The Unisa main campus in Muckleneuk. Picture: Jacques Naude/African News Agency (ANA)
The Unisa main campus in Muckleneuk. Picture: Jacques Naude/African News Agency (ANA)

Mixed reaction to judgment reinstating Afrikaans as learning, teaching medium at Unisa

By Zelda Venter Time of article published Sep 27, 2021

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Pretoria - While the EFF has rejected the Constitutional Court judgment to reinstate Afrikaans as a learning and teaching medium at Unisa, the SA Human Rights Commission (SAHRC) welcomed and supported the decision.

The Constitutional Court ruled last week in favour of AfriForum, following a five-year legal battle after Unisa decided to discontinue Afrikaans as a language of teaching and learning.

The battle was first heard in the Gauteng High Court, Pretoria, and later made a turn in the Supreme Court of Appeal, before it was finally heard by the Concourt.

The apex court, in its judgment, highlighted the history and development of Afrikaans as a language unique to South Africa. It stressed that references to Afrikaans as a “white man’s language” were erroneous and inconsistent with history.

READ: Afrikaans retained as primary language of instruction at Unisa

While acknowledging that Afrikaans “was undeniably employed as a tool of oppression”, the court recognised that Afrikaans had now been adopted into a heterogeneous rainbow language spoken by many South Africans. It was thus deserving of protection and promotion, the court said.

The court remarked that Afrikaans was also spoken by black people in not only so-called coloured townships, but also in many African townships in several regions in the country.

It also pointed out the shameful denial of the Cape Muslim origins of the language.

The court contended that the decision by Unisa to phase out Afrikaans in its 2016 language policy was not appropriately justified as it adversely affected the rights of Afrikaans students per the Constitution.

The court also held that Unisa did not provide evidence in support of its decision to discontinue the use of Afrikaans.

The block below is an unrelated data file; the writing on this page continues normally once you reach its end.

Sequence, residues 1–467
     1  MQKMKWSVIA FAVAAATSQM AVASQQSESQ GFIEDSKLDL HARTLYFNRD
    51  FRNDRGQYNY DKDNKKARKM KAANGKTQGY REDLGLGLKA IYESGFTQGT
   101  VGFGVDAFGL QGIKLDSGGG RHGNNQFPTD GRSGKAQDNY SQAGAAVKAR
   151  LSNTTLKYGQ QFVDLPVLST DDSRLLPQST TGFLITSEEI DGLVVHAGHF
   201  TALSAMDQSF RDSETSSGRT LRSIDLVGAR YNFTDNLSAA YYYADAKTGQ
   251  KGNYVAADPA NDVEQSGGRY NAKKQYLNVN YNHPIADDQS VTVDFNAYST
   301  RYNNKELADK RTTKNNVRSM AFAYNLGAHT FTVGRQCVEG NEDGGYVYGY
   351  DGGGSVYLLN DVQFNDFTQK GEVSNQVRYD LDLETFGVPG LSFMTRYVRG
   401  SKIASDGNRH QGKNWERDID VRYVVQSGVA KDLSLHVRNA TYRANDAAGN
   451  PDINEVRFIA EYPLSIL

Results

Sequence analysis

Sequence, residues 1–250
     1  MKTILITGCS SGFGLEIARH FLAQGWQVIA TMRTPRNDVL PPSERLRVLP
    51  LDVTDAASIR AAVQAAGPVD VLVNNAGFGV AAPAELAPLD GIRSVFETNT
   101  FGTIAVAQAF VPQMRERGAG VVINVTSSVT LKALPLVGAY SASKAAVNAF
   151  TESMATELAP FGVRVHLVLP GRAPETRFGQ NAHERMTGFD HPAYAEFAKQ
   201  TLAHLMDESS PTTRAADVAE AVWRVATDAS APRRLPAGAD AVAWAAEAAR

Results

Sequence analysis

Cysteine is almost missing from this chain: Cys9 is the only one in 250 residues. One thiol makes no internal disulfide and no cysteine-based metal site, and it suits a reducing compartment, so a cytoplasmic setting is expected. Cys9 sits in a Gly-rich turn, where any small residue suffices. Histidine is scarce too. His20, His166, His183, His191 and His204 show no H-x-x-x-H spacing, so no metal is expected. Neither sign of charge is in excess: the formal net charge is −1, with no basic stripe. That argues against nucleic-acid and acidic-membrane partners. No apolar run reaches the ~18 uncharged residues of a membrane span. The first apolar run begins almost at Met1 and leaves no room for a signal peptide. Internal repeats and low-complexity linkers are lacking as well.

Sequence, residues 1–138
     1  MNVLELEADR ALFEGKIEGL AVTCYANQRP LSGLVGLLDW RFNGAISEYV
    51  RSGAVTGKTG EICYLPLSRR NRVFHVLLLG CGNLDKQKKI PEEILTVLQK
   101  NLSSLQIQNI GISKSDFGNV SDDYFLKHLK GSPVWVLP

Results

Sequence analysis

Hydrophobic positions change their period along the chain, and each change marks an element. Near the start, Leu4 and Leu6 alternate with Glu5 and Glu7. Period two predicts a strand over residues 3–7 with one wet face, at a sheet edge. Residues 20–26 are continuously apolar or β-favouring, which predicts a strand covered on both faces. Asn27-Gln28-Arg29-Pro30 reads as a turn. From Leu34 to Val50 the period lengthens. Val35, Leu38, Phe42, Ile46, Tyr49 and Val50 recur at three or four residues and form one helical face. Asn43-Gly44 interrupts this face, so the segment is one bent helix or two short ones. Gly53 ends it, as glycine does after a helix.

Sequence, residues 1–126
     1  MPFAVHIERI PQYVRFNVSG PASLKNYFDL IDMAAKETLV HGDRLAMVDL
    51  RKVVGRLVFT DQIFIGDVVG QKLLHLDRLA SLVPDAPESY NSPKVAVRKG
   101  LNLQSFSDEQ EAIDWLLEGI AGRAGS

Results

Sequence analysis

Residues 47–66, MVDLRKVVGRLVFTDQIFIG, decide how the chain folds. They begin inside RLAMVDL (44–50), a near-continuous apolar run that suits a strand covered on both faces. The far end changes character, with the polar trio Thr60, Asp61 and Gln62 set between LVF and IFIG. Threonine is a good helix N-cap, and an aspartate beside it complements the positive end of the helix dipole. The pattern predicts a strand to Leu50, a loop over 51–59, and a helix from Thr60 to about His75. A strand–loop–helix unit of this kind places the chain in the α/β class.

In removing Afrikaans as a language of teaching and learning without applying its mind to the considerations in section 29(2) of the Constitution, Unisa fell short of its constitutional obligations.

The SAHRC, in reaction, said it viewed this judgment as empowering for poor and marginalised Afrikaans speakers who sought access to higher education.

The commission said it was also cognisant of the fact that Afrikaans had been used in the past, by a minority, to subjugate and marginalise other South Africans. Accordingly, the language was still viewed with mixed feelings by many people within the country.

“However, in this democratic era we should reflect on our past with a deep lens and should seek to celebrate our diversity. Our Constitution makes provision for Afrikaans as an official language and enjoins the state to take reasonable measures to ensure that everyone receives education in a language of their choice,” the commission said.

As such the status of all official languages was protected and the commission believed that the judgment would go a long way towards promoting multilingualism in South Africa.

The EFF, meanwhile, said the court ignored the linkage between race and language in the context of South Africa’s history.

The party called on Unisa to, in the grace period to 2023 determined by the court, lawfully and procedurally take steps to do away with Afrikaans.

Pretoria News

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